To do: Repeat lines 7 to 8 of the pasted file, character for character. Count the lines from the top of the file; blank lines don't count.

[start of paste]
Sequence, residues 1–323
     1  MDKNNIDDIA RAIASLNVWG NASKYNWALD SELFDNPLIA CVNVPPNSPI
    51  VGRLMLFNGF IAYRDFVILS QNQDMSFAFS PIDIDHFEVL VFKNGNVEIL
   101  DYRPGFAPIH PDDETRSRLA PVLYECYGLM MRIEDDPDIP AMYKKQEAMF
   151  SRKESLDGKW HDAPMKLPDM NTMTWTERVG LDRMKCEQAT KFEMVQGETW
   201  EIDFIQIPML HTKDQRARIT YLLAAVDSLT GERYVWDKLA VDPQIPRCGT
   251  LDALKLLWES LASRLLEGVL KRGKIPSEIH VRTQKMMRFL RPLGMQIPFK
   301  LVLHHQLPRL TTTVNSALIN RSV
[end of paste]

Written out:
   251  LDALKLLWES LASRLLEGVL KRGKIPSEIH VRTQKMMRFL RPLGMQIPFK
   301  LVLHHQLPRL TTTVNSALIN RSV